Some among us, however, are not free to conceive their future. Their hopes and dreams are enslaved by fertility challenges. Infertility can feel like a form of bondage: bodies that feel broken or unable to perform as we wish, decisions that seem impossible at times to navigate, and circumstances that seem out of our control.

On Passover we eat charoset to symbolize the clay our ancestors used to hold together the bricks they were making. The charoset also represents the sweetness of their redemption to serve God. By adding apples to our charoset, we invoke these symbols as well as the connection to fertility. We connect our past, present and future with the Song of Songs, the apple trees, intimacy, conception, birth and redemption.

Meditation for making and eating charoset with apples for those experiencing fertility challenges:

God of our ancestors, our souls are afflicted.

While we may be free in most ways, our dreams of fertility seem out of reach.

With the sweetness of these apples, comes the bitter taste of disappointment and loss.

Under the apple tree – shade us with your blessings.

Under the apple tree – may we find comfort with each other.

Under the apple tree – help us conceive a hopeful future.

Creator and Redeemer of all, let this charoset strengthen our souls.

May the sweetness of its apples linger with us.

Grant us clarity and hope along the way

to redemption.

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Many articles are written about what to say and what not to say to someone experiencing infertility. Sadly so many of the “what to say” lists get it mostly right and then there is that one piece of advice that just does not fly.  Here is one list that holds strong because it is nuanced and recognizes that each person’s experience can differ. Please read for yourself if you are experiencing infertility or for someone else if you have a support role. It comes from BabyCenter.com.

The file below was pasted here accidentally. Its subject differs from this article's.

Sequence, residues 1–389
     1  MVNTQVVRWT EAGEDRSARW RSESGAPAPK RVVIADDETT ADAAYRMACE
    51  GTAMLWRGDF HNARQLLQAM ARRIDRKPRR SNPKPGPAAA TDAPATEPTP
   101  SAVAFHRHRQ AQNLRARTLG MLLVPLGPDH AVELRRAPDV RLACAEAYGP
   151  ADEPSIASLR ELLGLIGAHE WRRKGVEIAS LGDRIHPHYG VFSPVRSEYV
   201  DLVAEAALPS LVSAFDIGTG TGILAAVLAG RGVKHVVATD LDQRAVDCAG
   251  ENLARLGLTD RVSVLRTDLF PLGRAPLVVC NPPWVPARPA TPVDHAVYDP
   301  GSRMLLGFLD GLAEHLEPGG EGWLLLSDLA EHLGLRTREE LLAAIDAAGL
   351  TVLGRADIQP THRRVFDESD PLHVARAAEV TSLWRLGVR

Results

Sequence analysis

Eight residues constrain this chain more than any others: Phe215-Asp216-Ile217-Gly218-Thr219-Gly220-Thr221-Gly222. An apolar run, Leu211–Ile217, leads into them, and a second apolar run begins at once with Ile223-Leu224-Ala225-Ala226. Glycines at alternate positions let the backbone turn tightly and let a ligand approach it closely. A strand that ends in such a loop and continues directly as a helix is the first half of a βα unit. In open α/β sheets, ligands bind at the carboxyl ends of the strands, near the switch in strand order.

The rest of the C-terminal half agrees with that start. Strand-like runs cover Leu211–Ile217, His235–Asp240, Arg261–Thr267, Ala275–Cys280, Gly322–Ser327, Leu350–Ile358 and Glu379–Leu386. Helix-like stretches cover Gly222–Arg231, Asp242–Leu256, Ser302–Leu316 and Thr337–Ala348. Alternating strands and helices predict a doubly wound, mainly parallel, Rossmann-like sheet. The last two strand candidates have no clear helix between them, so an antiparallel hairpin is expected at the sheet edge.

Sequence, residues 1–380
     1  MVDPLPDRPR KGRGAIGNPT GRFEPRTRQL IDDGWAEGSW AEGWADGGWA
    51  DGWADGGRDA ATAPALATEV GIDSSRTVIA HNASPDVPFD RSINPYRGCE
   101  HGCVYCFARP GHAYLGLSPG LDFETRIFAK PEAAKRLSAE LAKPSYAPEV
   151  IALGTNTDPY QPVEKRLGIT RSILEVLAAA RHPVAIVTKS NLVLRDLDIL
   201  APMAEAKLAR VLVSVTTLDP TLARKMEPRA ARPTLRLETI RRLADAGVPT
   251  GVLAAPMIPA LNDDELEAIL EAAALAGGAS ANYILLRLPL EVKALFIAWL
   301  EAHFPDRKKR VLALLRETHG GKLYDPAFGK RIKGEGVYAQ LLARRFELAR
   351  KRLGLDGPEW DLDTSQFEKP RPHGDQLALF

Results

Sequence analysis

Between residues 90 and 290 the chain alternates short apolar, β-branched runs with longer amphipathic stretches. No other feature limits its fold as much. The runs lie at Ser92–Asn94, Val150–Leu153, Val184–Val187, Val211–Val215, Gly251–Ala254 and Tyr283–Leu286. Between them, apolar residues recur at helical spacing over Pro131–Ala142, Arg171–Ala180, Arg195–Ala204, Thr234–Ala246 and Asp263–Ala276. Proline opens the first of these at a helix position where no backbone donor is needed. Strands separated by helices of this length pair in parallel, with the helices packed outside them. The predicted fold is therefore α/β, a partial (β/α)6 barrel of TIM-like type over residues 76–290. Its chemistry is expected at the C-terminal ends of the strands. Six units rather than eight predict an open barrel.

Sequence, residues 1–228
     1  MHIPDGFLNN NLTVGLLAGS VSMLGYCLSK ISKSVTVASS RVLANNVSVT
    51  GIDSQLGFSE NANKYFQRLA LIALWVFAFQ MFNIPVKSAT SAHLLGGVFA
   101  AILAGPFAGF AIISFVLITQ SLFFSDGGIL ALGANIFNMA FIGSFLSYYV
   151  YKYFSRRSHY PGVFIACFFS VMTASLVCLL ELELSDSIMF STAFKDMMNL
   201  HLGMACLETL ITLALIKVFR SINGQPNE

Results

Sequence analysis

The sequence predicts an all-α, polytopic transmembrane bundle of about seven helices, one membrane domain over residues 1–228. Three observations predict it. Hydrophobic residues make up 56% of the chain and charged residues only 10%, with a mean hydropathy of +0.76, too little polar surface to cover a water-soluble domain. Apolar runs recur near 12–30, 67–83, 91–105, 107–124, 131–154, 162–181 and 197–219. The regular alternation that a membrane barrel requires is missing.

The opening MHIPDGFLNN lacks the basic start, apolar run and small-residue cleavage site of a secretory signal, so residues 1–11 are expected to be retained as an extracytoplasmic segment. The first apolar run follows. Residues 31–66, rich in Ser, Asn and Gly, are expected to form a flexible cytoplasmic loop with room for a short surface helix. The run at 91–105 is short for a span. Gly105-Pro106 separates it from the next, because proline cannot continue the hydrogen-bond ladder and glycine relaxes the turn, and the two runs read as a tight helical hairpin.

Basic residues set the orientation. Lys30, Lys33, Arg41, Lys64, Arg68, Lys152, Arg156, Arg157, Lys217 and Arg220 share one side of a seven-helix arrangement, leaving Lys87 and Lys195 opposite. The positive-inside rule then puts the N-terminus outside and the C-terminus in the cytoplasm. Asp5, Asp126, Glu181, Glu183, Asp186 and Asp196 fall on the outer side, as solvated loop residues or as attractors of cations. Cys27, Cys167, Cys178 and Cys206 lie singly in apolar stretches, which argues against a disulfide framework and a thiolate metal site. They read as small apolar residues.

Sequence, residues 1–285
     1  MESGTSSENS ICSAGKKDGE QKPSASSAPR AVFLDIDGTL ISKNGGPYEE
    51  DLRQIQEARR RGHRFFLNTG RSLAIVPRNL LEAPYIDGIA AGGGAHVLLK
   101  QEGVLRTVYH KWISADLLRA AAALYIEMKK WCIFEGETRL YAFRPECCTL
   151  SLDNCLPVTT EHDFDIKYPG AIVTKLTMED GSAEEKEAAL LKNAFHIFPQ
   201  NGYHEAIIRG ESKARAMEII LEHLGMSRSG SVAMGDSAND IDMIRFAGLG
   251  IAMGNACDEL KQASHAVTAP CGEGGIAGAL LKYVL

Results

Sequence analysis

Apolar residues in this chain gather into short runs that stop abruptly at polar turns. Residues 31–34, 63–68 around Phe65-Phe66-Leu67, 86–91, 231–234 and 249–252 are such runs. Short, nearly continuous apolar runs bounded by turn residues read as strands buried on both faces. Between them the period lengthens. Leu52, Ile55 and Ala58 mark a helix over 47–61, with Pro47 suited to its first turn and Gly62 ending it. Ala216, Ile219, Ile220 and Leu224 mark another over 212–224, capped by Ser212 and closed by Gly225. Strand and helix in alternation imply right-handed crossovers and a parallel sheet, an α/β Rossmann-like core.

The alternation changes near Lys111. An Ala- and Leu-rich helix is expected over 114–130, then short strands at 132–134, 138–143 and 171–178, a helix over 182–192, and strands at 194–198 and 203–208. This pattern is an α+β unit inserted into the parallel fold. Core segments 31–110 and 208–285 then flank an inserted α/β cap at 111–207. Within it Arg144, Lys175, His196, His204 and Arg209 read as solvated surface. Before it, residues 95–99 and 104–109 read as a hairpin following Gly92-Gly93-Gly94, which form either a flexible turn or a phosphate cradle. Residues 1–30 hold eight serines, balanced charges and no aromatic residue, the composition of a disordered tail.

Therapists’ top ten tips for coping with fertility problems

The pressure to raise a family can be enormous, and the thought of not being able to have children can make many people feel something is wrong with them. We talked to respected psychologists who work with couples with fertility problems to find out which coping strategies really work.

Recognize that a fertility problem is a crisis. A fertility problem may be one of the most difficult challenges you’ll ever face. Acknowledging this is a key to coping, says Kate Marosek, who’s counseled couples with fertility complications in the Washington, D.C., area for more than ten years.

“It’s normal to feel a monumental sense of loss, to feel stressed, sad, or overwhelmed,” says Marosek. “Don’t chastise yourself for feeling this way.” Facing and accepting your emotions can help you move beyond them.

Don’t blame yourself. Resist the temptation to get angry at yourself or to listen to the little voice in your head that’s saying, “I shouldn’t have waited; I’m being punished for having that abortion; I should have lost more weight or taken better care of my health; I shouldn’t have assumed that I could have children when I wanted” or whatever negative thoughts you may be having.

People can get caught in negative thinking patterns that only make matters worse, says Yakov M. Epstein, a psychologist at Rutgers University and co-author of Getting Pregnant When You Thought You Couldn’t: “Instead of berating yourself, look forward to how you and your partner are going to manage the situation.”

When you start feeling like you “should have” or “could have,” remind yourself that your fertility problem is not your fault. Even if you could have made different decisions in the past, they’re behind you. Concentrate on your future.

Work as a team with your partner. You and your mate should help each other through this time (and definitely not blame each other for your difficulty getting pregnant).

This doesn’t mean you need to feel the same thing at the same time — that’s one of the most common pitfalls for couples facing fertility problems. It does mean paying attention to what your partner’s going through. “If you’re taking care of each other emotionally, you can unite to fight the problem,” says Marosek.

Work together to find practical ways to share the burden. If you’re undergoing treatment, he can take care of the insurance papers. Or if he needs injected therapy, you can administer the shots.

Educate yourself. Read as much as you can about fertility problems and ask questions of your doctor and other couples in your situation.